Britton’s heart is still in the game
COVID cut into baseball season, but 14-year-old pitcher/shortstop still took the field this summer, a year after open-heart surgery performed by Drs. John Brown and Jeremy Herrmann.
By Maureen Gilmer, IU Health senior journalist, firstname.lastname@example.org
Britton Helmuth was back on the pitching mound this summer in a COVID-shortened baseball season, and he loved every minute of it.
“He was so happy to be able to play,” Laura Helmuth said of her 14-year-old son, who lives and breathes baseball.
Britton had open-heart surgery at Riley Hospital for Children last year for an abnormal aortic valve. Dr. John Brown and Dr. Jeremy Herrmann performed the Ross Procedure on the teen, taking out his bad aortic valve and putting his pulmonary valve in its place, then replacing the pulmonary valve with a cadaver valve.
The eldest of Myron and Laura Helmuth’s five children said his biggest worry after surgery was whether he’d be able to play baseball again.
No worries on that front. Britton, a ninth-grader who is home-schooled, played a 10-game mini season this summer, pitching and playing shortstop alongside his 13-year-old brother. The two are great teammates, Laura Helmuth said. Even a losing season this year didn’t dampen their enthusiasm. Both boys played well and had fun, their dad said.
Health-wise, Britton is doing well – his heart is hanging tough on and off the field. The coronavirus is a concern for his parents, who worry that his compromised immune system might make him more vulnerable to the virus. But they are giving those worries up to God.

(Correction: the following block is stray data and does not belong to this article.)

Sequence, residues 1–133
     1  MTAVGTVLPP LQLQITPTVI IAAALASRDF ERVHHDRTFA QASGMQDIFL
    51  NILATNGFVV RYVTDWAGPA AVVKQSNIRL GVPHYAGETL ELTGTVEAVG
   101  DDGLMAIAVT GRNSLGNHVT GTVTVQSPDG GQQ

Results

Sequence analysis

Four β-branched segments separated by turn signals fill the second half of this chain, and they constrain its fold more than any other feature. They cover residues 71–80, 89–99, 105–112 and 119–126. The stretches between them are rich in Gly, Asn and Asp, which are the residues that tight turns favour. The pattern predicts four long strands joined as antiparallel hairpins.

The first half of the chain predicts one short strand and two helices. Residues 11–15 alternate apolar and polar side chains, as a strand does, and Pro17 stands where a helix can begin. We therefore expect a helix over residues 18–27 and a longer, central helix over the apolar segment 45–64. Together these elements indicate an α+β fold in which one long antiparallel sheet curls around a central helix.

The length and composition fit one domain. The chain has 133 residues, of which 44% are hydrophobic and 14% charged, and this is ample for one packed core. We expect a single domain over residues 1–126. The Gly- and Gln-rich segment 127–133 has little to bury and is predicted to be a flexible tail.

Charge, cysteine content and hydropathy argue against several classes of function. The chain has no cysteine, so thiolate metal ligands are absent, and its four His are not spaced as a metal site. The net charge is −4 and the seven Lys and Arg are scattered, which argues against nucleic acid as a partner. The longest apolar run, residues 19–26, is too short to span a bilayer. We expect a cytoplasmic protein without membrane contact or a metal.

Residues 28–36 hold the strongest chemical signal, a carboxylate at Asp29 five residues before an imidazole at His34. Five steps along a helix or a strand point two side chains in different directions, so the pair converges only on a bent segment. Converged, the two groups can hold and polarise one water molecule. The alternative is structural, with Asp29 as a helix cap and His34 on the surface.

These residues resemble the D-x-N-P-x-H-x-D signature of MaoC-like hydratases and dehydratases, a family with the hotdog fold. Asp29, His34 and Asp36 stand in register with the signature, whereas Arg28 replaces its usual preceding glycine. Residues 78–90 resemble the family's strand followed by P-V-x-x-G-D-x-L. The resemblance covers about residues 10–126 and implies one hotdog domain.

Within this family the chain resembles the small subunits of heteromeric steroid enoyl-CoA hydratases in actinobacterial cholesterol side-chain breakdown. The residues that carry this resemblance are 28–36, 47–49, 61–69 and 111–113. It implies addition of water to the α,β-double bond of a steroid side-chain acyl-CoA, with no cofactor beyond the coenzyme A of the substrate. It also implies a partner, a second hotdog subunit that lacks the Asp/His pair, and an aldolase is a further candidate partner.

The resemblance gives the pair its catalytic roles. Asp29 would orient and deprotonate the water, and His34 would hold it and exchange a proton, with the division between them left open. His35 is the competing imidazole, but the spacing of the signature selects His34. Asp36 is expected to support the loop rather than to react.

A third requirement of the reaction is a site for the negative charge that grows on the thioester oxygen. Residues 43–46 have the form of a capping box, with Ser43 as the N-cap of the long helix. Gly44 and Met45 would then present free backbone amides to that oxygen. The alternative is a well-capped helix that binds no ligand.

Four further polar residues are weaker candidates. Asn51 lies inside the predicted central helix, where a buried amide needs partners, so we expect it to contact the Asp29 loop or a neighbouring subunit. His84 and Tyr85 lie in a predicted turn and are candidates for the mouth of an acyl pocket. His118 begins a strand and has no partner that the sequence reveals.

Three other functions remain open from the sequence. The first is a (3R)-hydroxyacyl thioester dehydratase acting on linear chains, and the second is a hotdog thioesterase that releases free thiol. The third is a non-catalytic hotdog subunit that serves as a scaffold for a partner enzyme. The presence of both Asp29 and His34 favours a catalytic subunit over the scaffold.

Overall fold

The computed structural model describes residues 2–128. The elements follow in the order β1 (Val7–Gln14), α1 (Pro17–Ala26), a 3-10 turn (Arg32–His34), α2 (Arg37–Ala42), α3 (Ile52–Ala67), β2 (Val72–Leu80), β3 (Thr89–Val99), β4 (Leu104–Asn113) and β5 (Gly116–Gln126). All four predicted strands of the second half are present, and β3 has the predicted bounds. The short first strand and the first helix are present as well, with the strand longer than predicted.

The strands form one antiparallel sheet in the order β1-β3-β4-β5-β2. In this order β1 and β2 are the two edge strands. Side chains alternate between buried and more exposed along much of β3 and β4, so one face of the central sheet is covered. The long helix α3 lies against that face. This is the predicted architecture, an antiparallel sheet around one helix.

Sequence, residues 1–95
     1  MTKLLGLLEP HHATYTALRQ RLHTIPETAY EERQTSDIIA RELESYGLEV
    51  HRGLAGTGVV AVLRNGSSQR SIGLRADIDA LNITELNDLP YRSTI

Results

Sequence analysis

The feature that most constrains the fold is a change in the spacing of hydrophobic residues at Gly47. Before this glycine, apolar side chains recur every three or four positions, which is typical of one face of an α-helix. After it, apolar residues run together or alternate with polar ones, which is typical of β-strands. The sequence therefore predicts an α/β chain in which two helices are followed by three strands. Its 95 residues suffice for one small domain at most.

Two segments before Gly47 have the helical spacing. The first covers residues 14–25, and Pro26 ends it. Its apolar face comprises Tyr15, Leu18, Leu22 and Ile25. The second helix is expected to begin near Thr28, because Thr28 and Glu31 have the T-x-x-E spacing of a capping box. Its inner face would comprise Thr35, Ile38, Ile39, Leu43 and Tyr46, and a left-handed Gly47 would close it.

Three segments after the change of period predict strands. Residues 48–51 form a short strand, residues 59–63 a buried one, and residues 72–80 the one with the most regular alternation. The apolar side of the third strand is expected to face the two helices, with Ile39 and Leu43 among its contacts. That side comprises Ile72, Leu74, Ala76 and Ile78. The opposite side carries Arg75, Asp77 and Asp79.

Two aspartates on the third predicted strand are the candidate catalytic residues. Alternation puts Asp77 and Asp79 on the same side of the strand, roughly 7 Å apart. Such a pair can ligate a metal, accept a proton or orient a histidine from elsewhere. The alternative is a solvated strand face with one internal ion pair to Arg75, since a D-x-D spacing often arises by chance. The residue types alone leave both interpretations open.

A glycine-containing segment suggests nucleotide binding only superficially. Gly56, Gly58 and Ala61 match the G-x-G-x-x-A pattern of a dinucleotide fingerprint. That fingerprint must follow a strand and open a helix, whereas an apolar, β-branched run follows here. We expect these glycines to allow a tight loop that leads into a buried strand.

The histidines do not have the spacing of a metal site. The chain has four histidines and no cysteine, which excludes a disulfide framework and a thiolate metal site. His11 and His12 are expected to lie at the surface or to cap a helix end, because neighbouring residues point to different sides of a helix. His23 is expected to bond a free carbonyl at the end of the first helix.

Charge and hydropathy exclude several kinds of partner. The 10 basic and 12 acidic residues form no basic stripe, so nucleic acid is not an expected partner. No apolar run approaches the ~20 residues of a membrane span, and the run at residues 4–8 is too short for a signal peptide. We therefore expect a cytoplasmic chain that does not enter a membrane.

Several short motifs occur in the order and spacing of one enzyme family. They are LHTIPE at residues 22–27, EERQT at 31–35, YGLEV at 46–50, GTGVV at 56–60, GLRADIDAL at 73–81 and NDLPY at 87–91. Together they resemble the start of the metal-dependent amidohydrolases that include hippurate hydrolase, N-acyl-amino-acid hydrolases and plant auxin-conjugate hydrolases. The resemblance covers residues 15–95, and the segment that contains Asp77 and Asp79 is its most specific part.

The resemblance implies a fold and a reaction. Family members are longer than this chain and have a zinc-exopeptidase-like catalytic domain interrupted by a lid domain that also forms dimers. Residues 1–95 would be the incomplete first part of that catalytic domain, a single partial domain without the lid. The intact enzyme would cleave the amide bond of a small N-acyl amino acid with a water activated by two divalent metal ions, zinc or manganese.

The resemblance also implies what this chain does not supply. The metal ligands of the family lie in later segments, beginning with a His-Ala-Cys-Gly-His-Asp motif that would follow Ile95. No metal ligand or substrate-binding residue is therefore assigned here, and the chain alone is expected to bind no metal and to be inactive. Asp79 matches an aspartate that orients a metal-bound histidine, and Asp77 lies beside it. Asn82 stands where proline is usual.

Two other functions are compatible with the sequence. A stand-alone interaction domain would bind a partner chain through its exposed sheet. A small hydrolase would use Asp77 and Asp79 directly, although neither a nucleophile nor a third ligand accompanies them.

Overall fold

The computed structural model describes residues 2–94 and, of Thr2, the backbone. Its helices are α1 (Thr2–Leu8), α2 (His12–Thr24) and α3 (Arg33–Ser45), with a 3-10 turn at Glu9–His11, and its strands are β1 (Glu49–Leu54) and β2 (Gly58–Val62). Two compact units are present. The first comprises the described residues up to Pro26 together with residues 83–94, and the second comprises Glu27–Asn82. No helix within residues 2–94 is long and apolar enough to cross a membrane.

“We’re praying he doesn’t get COVID, but we’re trusting the Lord,” his mom said.
Last year’s surgery was not the first time Dr. Brown had seen Britton in the operating room. When Britton was just three months old, he was diagnosed with aortic valve stenosis, a narrowing of the aortic valve opening, which restricts blood flow. He was rushed to Riley from a Fort Wayne hospital.
“We almost lost him; that was the true test of our faith for his life,” Myron Helmuth said last year.
Dr. Brown repaired their son’s leaky mitral valve but cautioned them that Britton would need aortic valve surgery someday. That day came a year ago, and while he’ll continue to need follow-up care into adulthood, he likely won’t need another heart valve operation, his doctors said.
The Helmuth family is squeezing the last bit of fun out of summer by vacationing in the woods of Hocking Hills (Ohio) State Park, before home-schooling starts up again in two weeks.
Britton will be 15 in October.